(no subject)

Date: 2010-05-09 07:08 pm (UTC)
liviapenn: miss piggy bends jail bars (remains sexy while doing so) (Default)
From: [personal profile] liviapenn

And poor Archie is totally the non-fannish spouse/friend who got dragged along... "I can pick the one that lacks squab!"

(no subject)

Date: 2010-05-11 12:23 am (UTC)
dorinda: Fat Pony appears in a blaze of light! (Fat_Pony)
From: [personal profile] dorinda
Aaaaahahahaha ohmigosh it totally is! Fannishness simply permeates, both in the text and outside it! :D

(no subject)

Date: 2010-05-09 07:06 pm (UTC)
jest: (Default)
From: [personal profile] jest
I can't argue with anyone who can't enjoy this book because of these issues. I understand and respect that position fully.

Me too. I think books like this are useful for me to read for the perspective they give me on race issues in the 30s, but obviously other people don't need any additional perspective, in which case, "FUCK YOU, 1938" seems like an entirely appropriate attitude to take.

I think Stout regards Archie's less-progressive thinking not as a sign of bad moral character, but rather as a sign of his lack of sophistication and worldliness compared to Wolfe.

Otherwise know as: Archie, honey, your Ohio is showing. *g*

One of the things I like about this book is the way it shows racism as a culturally ingrained thing. You can't look at this book and see THE HEROIC GOOD PEOPLE vs. THE EVIL RACISTS. I don't like to see something as complicated as racism reduced to those terms.

It should be noted that Wolfe is, if not a locavore, at least acutely conscious of the role that the production of the ingredients plays in cooking. Your mouth waters when he reads his description of peanut-fed hams. In this, I think Stout is not so much incredibly forward-thinking as sophisticated for his time--I think it was WWII and its aftermath that saw the rise of full-scale industrial agriculture and all the culinary nastiness it entails.

Good point. I hadn't thought of it like that. I'm a vegetarian so the descriptions don't particularly make my mouth water. When I think of Wolfe's appetite the thing that springs to my mind is wanting to give him a kick during the story where Lily Rowan lures him out of the Brownstone with the promise of endangered Quails (?) raised on a diet of blueberries.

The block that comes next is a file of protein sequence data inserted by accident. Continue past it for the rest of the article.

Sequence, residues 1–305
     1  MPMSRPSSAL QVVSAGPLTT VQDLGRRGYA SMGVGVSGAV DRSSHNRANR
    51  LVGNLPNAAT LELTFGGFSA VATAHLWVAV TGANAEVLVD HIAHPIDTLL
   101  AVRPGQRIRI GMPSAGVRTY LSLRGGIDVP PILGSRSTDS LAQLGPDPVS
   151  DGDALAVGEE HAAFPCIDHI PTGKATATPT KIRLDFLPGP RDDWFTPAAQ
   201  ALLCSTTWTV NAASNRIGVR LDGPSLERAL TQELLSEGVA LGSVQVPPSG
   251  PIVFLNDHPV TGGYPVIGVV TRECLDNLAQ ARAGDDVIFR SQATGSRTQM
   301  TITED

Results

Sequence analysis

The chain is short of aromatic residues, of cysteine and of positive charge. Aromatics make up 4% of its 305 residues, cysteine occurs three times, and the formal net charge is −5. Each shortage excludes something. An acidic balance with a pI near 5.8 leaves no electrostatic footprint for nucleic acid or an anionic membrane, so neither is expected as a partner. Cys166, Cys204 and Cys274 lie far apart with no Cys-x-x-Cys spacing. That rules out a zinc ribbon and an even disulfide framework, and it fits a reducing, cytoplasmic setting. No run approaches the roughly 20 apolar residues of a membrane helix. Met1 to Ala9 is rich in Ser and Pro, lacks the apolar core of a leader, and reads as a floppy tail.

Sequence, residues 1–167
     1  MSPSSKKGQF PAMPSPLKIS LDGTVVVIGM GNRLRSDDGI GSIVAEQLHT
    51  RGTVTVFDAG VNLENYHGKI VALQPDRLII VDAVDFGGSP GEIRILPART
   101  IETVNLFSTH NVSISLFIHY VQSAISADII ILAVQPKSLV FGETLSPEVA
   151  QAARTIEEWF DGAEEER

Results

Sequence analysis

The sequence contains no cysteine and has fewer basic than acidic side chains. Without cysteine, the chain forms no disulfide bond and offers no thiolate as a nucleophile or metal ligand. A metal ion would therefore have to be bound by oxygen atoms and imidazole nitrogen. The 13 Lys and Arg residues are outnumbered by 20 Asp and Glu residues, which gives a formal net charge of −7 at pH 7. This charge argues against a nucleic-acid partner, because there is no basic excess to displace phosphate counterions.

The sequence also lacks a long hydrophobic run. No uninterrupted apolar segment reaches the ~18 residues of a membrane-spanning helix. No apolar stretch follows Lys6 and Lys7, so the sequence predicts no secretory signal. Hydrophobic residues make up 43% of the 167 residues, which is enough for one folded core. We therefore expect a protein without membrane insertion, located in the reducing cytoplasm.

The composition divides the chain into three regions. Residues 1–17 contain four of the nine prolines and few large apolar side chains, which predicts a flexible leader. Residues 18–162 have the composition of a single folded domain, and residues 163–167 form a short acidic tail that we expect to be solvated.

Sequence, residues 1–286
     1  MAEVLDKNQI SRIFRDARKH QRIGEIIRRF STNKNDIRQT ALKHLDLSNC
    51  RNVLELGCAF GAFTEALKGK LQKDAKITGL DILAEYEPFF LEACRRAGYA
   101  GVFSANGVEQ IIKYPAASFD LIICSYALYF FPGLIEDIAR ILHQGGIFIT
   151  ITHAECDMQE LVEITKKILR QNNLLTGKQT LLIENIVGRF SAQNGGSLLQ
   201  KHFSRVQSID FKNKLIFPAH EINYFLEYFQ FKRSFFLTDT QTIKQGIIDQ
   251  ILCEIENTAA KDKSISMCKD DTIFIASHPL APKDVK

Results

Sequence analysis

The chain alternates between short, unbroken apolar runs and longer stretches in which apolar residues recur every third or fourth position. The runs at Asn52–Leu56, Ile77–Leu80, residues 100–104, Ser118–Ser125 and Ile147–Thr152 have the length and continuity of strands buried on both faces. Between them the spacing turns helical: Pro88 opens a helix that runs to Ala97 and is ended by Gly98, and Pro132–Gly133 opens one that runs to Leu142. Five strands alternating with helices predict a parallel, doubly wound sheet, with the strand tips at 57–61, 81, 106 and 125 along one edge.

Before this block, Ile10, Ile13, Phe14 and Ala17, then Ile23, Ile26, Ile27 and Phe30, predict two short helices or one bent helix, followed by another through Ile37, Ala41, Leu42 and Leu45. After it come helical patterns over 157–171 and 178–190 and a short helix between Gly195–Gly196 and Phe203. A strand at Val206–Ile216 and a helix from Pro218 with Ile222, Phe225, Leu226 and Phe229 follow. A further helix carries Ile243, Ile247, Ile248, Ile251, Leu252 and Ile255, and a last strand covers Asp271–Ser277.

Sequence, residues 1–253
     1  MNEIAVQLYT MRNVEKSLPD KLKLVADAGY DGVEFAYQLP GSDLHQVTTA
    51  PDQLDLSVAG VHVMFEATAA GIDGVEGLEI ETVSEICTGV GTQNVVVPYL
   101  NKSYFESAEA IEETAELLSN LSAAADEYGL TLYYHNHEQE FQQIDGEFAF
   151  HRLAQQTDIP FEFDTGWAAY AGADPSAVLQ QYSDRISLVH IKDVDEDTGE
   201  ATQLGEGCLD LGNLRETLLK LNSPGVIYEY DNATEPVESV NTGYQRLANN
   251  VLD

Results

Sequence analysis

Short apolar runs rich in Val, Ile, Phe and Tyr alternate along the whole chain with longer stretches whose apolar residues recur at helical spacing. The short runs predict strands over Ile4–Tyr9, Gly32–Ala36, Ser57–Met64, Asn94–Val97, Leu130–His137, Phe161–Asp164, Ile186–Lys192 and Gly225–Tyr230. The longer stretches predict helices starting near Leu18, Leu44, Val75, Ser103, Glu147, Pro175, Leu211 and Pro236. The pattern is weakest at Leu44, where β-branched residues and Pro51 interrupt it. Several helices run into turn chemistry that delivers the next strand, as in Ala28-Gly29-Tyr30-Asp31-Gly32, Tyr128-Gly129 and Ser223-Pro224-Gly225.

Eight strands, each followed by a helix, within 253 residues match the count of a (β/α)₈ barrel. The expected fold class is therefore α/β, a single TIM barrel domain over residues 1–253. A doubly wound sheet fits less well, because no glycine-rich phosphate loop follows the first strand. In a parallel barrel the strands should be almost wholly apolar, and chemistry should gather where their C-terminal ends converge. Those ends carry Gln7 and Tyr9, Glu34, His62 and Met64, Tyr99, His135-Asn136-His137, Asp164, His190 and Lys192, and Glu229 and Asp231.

Yeah, that and the WWII story with the meat shortage. Archie offers to let Wolfe eat him. :D

(no subject)

Date: 2010-05-09 07:34 pm (UTC)
jest: (Default)
From: [personal profile] jest
Exactly! Though I'd be afraid that handing it over might result in more fans insisting that because they like this book there can't possibly be anything racist in it, and the problem is that we are all too politically correct these days.

(no subject)

Date: 2010-05-09 07:41 pm (UTC)
liviapenn: Bruce kneels subserviently at Diana's feet and kisses her thigh. (dc: the hiketeia bruce and diana)
From: [personal profile] liviapenn


Of course, one of the worst parts of travel is that Archie isn't able to be sure that when he comes back, Wolfe will be where he left him!

Oh yeah, I kind of have to mention this:

For ten years I had been accustomed to being as sure of finding Nero Wolfe where I had left him as if he had been the Statue of Liberty, unless his house had burned down, and it was upsetting, not to mention humiliating, to find him flitting around like a hummingbird for a chance to lick the boots of a dago sausage cook.

Then two paragraphs later:

I let a greenjacket open the door for me and trusted my hat to another one in the hall, and began the search for my lost hummingbird.

(1) "ten years" -- the timeline is still progressing

(2) there's something really sweet about Archie thinking of Wolfe as one of the landmarks of New York City, one of the touchstones of the place where he's chosen to make his life...

(3) MY LOST HUMMINGBIRD oh my god. "MY LOST HUMMINGBIRD" you guys. What is this I can't even.

(4) And then there's Archie's intense resentment of Berin-- any time Wolfe shows vulnerability, Archie hates it. He hates it when Wolfe sucks up to people-- orchid fanciers, cooks, Dazy Perrit, anybody that has something Wolfe wants. And the thing is, Wolfe is proud, but he's not too proud to fail to recognize that he can't order around everyone in the world. And sometimes, when you want something from somebody, and you don't actually have anything to hold over their head, like a threat or an obligation, you have to (gasp) ask nicely for what you want! And maybe even grovel a tiny bit! And Archie HAAAAAATES it, and gets REALLY pissy when Wolfe does it. And he always displaces his anger onto the other guy-- in this case Berin.